This post was last updated on August 3rd, 2021 at 09:37 pm
WordPress sites don’t stay the same. Your WordPress website is always all the time changing and evolving. You can modify your CSS files, add new features by installing new plugins and make other modifications. You could accidentally cause your WordPress website’s crash or cease to work if you get too carried away.
Although it’s unlikely to happen often, it is possible.
WordPress CMS give authority to nearly a quarter of all sites.. The developer community that creates plugins and themes for WordPress CMS is highly skilled and writes quality code. Normal circumstances should not lead to major website crashes.
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There are no assurance. You could end up with a website that is not working if you use a poor theme or install an insecure plugin. It is possible not to be able to pinpoint the source of the problem immediately after it occurs.
This article will debate the majority of usual factors if your WordPress website is not working. We’ll also discuss how to resolve this problem and you site get back.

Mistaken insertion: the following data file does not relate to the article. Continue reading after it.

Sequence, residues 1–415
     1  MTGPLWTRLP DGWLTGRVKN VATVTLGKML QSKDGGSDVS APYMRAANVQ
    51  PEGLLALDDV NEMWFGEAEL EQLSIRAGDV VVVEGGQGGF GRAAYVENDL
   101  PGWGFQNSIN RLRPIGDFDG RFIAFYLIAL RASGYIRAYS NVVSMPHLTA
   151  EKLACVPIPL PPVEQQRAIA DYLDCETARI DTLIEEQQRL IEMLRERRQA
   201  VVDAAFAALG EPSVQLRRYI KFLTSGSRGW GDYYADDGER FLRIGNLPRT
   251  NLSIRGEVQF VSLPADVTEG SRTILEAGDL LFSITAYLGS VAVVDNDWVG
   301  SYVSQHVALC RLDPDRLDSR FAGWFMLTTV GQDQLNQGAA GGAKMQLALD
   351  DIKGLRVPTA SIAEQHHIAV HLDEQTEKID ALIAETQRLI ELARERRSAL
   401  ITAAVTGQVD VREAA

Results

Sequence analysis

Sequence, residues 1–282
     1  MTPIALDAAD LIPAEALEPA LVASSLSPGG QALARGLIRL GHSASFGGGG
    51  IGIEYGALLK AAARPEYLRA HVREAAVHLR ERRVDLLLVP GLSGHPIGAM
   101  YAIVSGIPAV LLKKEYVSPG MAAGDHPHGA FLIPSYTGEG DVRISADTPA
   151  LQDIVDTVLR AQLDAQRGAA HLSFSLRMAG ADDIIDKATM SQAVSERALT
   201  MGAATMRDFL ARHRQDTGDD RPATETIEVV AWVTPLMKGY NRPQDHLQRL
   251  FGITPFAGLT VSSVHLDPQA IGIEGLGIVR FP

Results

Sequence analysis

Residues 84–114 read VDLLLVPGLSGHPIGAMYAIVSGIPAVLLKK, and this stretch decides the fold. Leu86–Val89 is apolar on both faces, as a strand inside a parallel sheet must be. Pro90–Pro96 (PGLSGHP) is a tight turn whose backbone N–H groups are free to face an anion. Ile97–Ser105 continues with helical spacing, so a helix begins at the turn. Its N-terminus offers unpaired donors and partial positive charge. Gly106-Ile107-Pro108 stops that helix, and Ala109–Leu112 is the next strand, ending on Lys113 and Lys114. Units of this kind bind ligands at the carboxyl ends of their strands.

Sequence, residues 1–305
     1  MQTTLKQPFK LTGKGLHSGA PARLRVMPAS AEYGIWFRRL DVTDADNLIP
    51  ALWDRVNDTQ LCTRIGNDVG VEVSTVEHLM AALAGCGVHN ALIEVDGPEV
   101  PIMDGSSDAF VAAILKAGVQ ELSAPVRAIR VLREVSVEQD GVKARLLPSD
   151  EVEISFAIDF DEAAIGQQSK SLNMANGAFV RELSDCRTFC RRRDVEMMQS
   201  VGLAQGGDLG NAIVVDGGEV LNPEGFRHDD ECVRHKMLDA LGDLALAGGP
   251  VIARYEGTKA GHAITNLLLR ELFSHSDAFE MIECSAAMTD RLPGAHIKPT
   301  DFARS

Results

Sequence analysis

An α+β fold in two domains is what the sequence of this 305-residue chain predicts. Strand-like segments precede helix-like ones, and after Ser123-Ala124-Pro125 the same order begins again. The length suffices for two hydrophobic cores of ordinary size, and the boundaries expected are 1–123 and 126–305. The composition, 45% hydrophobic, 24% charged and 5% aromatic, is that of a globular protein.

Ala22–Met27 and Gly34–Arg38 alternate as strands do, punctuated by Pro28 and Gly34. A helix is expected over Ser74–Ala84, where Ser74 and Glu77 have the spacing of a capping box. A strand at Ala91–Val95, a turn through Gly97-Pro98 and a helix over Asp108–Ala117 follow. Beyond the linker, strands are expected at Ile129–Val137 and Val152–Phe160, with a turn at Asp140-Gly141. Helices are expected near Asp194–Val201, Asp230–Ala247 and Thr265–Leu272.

Let us go.
Step 1: How to Confirm Your Website is Down
Although it may sound strange, this could be a sign that your WordPress website has not gone down.
A person who reports the problem may not be able load your website in a browser. It could be due to a problem elsewhere and not your website. Before you start any work verify that your website is down and not running.
Visit one of these websites to verify.
Simply enter the URL of your website, and you will get a status report. This report can either confirm that your site is working or, if it isn’t, details any technical issues that might be causing the problem.
You can use the following tips to fix a downed WordPress site if you run a site status scan. Before fixing the problem, take the full backup of the website.
Step 2: Check if your server is down for maintenance
The server hosting the website is down is a common reason for a website to go offline. Your hosting provider manages the hosting server. You can take the server offline by: